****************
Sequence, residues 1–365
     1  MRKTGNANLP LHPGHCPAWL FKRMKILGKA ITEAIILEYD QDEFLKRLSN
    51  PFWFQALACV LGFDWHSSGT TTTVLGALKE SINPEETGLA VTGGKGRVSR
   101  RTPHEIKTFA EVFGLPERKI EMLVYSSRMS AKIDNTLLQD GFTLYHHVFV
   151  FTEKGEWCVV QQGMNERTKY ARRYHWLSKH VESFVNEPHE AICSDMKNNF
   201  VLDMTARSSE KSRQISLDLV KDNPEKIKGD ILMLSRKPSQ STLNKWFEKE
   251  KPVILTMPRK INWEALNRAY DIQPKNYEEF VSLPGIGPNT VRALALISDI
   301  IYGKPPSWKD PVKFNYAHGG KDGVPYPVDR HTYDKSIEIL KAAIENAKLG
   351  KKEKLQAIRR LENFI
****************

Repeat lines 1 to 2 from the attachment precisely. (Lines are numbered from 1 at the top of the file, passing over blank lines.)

Sequence, residues 1–365
     1  MRKTGNANLP LHPGHCPAWL FKRMKILGKA ITEAIILEYD QDEFLKRLSN